base-prelude- The most complete prelude formed solely from the "base" package

Safe HaskellNone




This module reexports most of the definitions from the "base" package, which are meant to be imported unqualified.

For details check out the source.


Reimplementations of functions presented in versions of "base" newer than 4.6


bool :: a -> a -> Bool -> a #

Case analysis for the Bool type. bool x y p evaluates to x when p is False, and evaluates to y when p is True.

This is equivalent to if p then y else x; that is, one can think of it as an if-then-else construct with its arguments reordered.


Basic usage:

>>> bool "foo" "bar" True
>>> bool "foo" "bar" False

Confirm that bool x y p and if p then y else x are equivalent:

>>> let p = True; x = "bar"; y = "foo"
>>> bool x y p == if p then y else x
>>> let p = False
>>> bool x y p == if p then y else x



(&) :: a -> (a -> b) -> b infixl 1 #

& is a reverse application operator. This provides notational convenience. Its precedence is one higher than that of the forward application operator $, which allows & to be nested in $.



($>) :: Functor f => f a -> b -> f b infixl 4 #

Flipped version of <$.


Replace the contents of a Maybe Int with a constant String:

>>> Nothing $> "foo"
>>> Just 90210 $> "foo"
Just "foo"

Replace the contents of an Either Int Int with a constant String, resulting in an Either Int String:

>>> Left 8675309 $> "foo"
Left 8675309
>>> Right 8675309 $> "foo"
Right "foo"

Replace each element of a list with a constant String:

>>> [1,2,3] $> "foo"

Replace the second element of a pair with a constant String:

>>> (1,2) $> "foo"



isSubsequenceOf :: Eq a => [a] -> [a] -> Bool #

The isSubsequenceOf function takes two lists and returns True if all the elements of the first list occur, in order, in the second. The elements do not have to occur consecutively.

isSubsequenceOf x y is equivalent to elem x (subsequences y).


>>> isSubsequenceOf "GHC" "The Glorious Haskell Compiler"
>>> isSubsequenceOf ['a','d'..'z'] ['a'..'z']
>>> isSubsequenceOf [1..10] [10,9..0]


sortOn :: Ord b => (a -> b) -> [a] -> [a] #

Sort a list by comparing the results of a key function applied to each element. sortOn f is equivalent to sortBy (comparing f), but has the performance advantage of only evaluating f once for each element in the input list. This is called the decorate-sort-undecorate paradigm, or Schwartzian transform.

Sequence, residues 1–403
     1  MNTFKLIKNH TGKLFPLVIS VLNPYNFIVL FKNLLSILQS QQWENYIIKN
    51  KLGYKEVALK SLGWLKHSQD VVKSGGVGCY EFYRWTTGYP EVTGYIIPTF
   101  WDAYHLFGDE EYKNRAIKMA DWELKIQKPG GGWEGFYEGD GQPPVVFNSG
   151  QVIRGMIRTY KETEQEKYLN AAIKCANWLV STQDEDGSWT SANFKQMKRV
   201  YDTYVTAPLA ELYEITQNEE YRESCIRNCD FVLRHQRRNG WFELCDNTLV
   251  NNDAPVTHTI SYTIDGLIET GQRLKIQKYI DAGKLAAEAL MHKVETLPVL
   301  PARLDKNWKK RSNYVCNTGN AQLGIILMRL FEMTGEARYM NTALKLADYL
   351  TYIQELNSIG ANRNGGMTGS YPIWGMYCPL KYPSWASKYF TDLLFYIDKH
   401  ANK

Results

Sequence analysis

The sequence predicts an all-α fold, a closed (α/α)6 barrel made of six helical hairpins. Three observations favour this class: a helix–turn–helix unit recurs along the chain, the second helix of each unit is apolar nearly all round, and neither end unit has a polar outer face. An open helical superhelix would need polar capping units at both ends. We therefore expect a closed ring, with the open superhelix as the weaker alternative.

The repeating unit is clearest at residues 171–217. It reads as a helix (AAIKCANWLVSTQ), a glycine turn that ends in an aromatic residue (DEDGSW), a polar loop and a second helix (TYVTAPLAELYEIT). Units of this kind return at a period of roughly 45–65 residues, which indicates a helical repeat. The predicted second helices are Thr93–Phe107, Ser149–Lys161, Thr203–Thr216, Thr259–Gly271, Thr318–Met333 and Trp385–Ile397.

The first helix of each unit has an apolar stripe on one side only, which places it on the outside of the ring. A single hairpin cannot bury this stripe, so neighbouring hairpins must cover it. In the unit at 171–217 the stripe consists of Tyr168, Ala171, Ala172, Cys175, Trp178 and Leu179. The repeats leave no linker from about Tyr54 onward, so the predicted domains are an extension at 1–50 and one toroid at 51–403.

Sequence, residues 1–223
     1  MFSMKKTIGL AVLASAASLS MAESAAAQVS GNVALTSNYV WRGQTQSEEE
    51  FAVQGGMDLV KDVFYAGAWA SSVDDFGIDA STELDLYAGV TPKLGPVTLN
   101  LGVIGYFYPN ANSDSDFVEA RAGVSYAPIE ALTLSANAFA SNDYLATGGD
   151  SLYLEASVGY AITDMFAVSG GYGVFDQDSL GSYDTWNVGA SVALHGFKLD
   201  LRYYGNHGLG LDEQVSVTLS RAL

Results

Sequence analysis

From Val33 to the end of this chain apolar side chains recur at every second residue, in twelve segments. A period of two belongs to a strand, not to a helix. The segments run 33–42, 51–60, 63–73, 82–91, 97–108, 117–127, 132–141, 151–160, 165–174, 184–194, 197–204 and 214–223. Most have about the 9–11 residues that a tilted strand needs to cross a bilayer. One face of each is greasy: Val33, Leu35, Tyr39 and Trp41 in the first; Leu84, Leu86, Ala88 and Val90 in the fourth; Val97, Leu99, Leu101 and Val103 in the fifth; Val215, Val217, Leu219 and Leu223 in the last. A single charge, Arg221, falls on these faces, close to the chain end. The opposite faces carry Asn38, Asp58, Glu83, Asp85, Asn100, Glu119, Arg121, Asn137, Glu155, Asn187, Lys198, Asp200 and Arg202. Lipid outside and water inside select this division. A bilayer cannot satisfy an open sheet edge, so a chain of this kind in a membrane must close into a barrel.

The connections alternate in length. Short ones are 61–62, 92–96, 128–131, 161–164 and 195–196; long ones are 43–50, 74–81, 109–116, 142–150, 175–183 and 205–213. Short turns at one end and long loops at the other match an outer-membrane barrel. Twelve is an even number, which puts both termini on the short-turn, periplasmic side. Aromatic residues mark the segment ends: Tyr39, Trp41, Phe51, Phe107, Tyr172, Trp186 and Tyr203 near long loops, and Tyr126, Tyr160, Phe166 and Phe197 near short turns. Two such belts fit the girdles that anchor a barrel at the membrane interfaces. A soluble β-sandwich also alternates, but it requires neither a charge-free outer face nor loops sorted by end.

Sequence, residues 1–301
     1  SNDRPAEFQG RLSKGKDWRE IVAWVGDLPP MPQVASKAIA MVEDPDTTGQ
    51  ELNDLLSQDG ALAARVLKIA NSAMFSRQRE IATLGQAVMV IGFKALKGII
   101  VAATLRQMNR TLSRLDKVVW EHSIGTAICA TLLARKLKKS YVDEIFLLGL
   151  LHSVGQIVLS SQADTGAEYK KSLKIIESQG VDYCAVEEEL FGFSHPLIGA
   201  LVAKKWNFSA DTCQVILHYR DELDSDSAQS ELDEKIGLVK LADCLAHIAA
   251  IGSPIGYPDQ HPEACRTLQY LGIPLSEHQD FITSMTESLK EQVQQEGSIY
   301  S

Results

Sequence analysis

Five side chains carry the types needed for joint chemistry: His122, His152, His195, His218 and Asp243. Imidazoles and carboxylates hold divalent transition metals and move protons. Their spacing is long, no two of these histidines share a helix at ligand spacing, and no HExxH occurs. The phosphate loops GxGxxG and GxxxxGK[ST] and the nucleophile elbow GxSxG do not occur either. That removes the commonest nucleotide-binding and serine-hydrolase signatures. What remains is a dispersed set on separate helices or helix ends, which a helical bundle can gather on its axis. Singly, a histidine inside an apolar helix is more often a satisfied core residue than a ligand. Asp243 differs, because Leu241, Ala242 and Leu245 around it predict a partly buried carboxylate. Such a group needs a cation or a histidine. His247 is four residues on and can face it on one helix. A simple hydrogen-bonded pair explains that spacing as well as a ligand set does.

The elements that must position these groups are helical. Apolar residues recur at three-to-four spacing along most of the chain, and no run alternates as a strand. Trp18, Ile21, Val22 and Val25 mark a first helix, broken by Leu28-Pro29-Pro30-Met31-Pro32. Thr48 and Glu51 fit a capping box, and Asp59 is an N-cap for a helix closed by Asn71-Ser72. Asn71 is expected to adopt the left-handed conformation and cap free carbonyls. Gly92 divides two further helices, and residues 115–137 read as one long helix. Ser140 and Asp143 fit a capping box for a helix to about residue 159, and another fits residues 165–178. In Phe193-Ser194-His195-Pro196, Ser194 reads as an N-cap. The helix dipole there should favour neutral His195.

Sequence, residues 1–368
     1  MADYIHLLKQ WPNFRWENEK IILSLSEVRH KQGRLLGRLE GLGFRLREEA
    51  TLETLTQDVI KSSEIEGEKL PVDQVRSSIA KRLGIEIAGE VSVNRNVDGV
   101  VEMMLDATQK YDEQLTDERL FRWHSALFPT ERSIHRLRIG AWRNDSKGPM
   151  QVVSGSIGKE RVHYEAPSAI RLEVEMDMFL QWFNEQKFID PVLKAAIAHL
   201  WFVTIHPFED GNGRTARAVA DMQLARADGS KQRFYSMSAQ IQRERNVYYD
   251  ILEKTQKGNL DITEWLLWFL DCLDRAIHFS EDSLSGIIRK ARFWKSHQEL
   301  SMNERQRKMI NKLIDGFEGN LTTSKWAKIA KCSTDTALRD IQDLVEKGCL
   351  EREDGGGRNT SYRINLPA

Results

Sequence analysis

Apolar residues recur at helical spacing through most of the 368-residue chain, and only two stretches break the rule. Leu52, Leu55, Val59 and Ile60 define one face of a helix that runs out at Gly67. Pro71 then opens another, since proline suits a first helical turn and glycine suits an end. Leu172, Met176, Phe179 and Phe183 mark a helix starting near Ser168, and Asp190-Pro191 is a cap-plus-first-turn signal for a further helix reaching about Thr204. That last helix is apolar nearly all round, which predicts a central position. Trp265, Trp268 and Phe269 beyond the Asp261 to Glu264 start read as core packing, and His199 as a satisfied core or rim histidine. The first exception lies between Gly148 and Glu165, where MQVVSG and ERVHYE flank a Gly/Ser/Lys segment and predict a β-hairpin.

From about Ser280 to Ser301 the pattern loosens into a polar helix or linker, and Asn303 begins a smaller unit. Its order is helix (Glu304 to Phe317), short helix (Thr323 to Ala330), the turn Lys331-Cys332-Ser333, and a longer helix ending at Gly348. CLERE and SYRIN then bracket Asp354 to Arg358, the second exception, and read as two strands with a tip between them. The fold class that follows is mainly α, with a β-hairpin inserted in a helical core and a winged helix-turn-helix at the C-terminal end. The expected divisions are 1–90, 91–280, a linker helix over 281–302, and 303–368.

uncons :: [a] -> Maybe (a, [a]) #

Decompose a list into its head and tail. If the list is empty, returns Nothing. If the list is non-empty, returns Just (x, xs), where x is the head of the list and xs its tail.



traceShowId :: Show a => a -> a #

Like traceShow but returns the shown value instead of a third value.


traceM :: Applicative f => String -> f () #

Like trace but returning unit in an arbitrary Applicative context. Allows for convenient use in do-notation.

Note that the application of traceM is not an action in the Applicative context, as traceIO is in the IO type. While the fresh bindings in the following example will force the traceM expressions to be reduced every time the do-block is executed, traceM "not crashed" would only be reduced once, and the message would only be printed once. If your monad is in MonadIO, liftIO . traceIO may be a better option.

... = do
  x <- ...
  traceM $ "x: " ++ show x
  y <- ...
  traceM $ "y: " ++ show y


traceShowM :: (Show a, Applicative f) => a -> f () #

Like traceM, but uses show on the argument to convert it to a String.

... = do
  x <- ...
  traceShowM $ x
  y <- ...
  traceShowM $ x + y